Yes, says Michael Collins, chairman of the United States Masters Swimming (USMS) coaches committee, and an accomplished runner and triathlete. His evidence:
1. Breath control: Proper swim technique forces rhythmic breathing. Swimmers have no choice but to be breath control-oriented, which translates directly to greater efficiency and smoothness while running.
2. Pace: Thanks to rhythmic breathing, swimmers automatically learn good pacing skills, whether they are training for sprint or endurance events. The mental and physical skills transfer easily to running.
3. Balance: Swimming serves as an excellent complement to weight-lifting, developing the upper-body strength runners often need without incurring undue stress and with the added benefit of some additional aerobic exercise. Just as upper body strength helps cyclists control their bikes better, it helps runners control their stride.
4. Flexibility: Swimming helps develop upper- and lower-body flexibility. Proper kicking, especially with fins, forces ankles to become more flexible, strengthens the ligaments and tendons that support ankle movement, and increases flexibility in the hip flexors.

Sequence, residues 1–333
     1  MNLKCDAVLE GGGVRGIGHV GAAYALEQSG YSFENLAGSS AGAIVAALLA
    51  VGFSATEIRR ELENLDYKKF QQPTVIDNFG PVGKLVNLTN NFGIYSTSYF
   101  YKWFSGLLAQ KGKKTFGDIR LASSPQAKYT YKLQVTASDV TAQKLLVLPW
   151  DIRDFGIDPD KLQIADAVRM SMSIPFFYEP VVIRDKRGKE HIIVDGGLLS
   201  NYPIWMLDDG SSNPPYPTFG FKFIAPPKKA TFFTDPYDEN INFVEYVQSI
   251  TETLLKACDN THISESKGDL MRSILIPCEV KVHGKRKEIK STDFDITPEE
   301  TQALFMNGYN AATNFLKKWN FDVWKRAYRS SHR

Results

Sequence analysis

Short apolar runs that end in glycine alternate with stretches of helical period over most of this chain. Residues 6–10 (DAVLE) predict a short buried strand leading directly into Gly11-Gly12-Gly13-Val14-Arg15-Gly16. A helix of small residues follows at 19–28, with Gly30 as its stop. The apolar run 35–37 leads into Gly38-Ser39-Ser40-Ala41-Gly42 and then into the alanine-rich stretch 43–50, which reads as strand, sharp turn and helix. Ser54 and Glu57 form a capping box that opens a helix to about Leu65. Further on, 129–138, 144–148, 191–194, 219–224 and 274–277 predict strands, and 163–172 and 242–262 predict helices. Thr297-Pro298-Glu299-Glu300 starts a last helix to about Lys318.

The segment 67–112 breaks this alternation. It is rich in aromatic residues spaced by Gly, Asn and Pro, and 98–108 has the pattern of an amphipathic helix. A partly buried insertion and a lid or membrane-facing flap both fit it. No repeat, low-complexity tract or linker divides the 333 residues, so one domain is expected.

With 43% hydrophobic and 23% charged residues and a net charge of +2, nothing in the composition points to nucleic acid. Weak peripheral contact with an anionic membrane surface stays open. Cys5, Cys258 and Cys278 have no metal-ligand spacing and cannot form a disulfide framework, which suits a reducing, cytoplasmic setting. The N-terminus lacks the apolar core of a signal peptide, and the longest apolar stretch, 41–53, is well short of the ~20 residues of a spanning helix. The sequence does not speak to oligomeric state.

Because swimming relies so heavily on technique, says Collins, an individual with good technique will out-swim a well-trained athlete with marginal form any day.
To make swimming an effective workout, he recommends learning proper form through clinics, workshops, group or individual lessons.
United States Masters Swimming (USMS) is a national organization that provides organized workouts, competitions, clinics and workshops aged 18 and over. Programs are open to all adult swimmers (fitness, triathlete, competitive, non-competitive) who are dedicated to improving their fitness through swimming. Founded in 1970, USMS is organized with 500 clubs in 52 regions throughout the nation.